Rostec asks Putin to intercede in aircraft certification controversy
Russia’s aerospace and defence industry giant Rostec, which controls the majority of the country’s aircraft manufacturing assets, including United Aircraft Corporation (UAC), Russian Helicopters and United Engine Corporation (UEC), has requested that the government reverts the country’s aircraft certification authority to its former incumbent, the Interstate Aviation Committee (IAC).
These functions were transferred from IAC to national regulator federal air transport agency (Rosaviatsiya) in late 2015 following a clash of political interests, but in the intervening years Rosaviatsiya has not been able to fully build the necessary competences, earn an international reputation, or completely secure the status of bilateral agreements – all of which are required for the mutual validation of aircraft type certificates with other countries. Rostec has found this to be an impeding factor in the promotion of Russian commercial aerospace products outside the country.
Rostec’s general director Sergey Chemezov sent an official letter to Russian president Vladimir Putin asking him to intercede. However, whilst Putin has not clearly stated his position on the matter, the suggestion has not found support within the Russian government.
In his letter, Chemezov expressed concern and dissatisfaction with the current state of affairs in Rosaviatsiya’s efforts to secure its position as an acknowledged certification body, because it has not been able to coordinate its efforts with those of the US and European authorities. Although formal agreements are currently in place with China, the USA, India, Turkey, Italy, Canada, Cuba, Moldova, Kyrgyzstan, Columbia, Mongolia, South Korea, Brazil and EASA, they have no substance unless and until the procedures and regulations for aircraft certification are fully harmonised with those of the FAA and EASA. For instance, in 2016 and 2017, under IAC’s export certificates, seven Superjet 100 (SSJ100s) were delivered to Irish operator CityJet because Rosaviatsiya’s certificates had not been validated by EASA.
“To create a fully functional Russian aircraft and airworthiness certification system would require colossal [investment] injections, primarily for the education and training of specialists, and [will take] at least five to seven years to accomplish,” says Boris Rybak, general director of Infomost Consulting.
In the meantime, IAC retains its authority and international agreements built up over more than two decades since 1991. Chemezov insists that Rostec will benefit from these existing agreements if type certification functions were handed back to IAC. Without the direct involvement of the president though, such a proposal could invoke a conflict with Rosaviatsiya.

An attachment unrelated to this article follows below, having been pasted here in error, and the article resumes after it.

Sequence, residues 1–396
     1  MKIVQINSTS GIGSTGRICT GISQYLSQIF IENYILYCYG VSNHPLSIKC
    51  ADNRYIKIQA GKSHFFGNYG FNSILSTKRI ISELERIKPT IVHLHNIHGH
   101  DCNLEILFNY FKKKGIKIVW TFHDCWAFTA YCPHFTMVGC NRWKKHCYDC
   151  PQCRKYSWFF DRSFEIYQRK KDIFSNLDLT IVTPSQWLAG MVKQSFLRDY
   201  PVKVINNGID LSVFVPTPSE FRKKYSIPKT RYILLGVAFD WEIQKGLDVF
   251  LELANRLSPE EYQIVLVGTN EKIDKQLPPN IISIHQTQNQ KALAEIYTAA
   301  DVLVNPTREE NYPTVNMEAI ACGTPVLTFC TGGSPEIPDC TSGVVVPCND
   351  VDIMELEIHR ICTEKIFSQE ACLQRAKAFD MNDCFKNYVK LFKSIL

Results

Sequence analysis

Vladimir Putin has nevertheless instructed the government to look into the controversial issue. Both the aviation industry and the trade and transport ministry have already voiced their disagreement with Chemezov’s proposal. Furthermore, according to Vedomosti daily, at a November 6 meeting dedicated to the future development of UAC, Dmitry Medvedev, Russia’s prime minister personally advised Chemezov that a return to IAC was impossible. “Certification of Russian aircraft abroad will continue to be done by Rosaviatsiya. All of the decisions necessary for performing these functions have been taken. Transfer of this authority to any other organization is not on the agenda,” transport minister Evgeny Dietrich insisted.
Medvedev’s opposition to Chemezov’s proposal comes as no surprise, as the two previously disagreed on Rostec taking control of UAC. The prime minister then tried to convince Putin not to hand over UAC to Rostec, which continues to be under political sanctions, and which could affect UAC’s business. However, that argument was lost to Chemezov, a close ally of the president, and in due course Rostec won control of UAC’s assets last year.
IAC remains in the control of Tatyana Anodina, the mother of Alexander Pleshakov, the former owner of the now defunct Transaero Airlines. In October 2015 the Russian government forced the closure of Transaero, then Russia’s second largest airline, because of its dire financial situation. In the conflict of interests that followed, the government transferred aircraft certification functions from IAC to national body Rosaviatsiya.
IAC was created at the end of 1991. Its authority is recognised locally by Armenia, Azerbaijan, Belarus, Kazakhstan, Kyrgyzstan, Moldova, Tajikistan, Turkmenistan and Uzbekistan.
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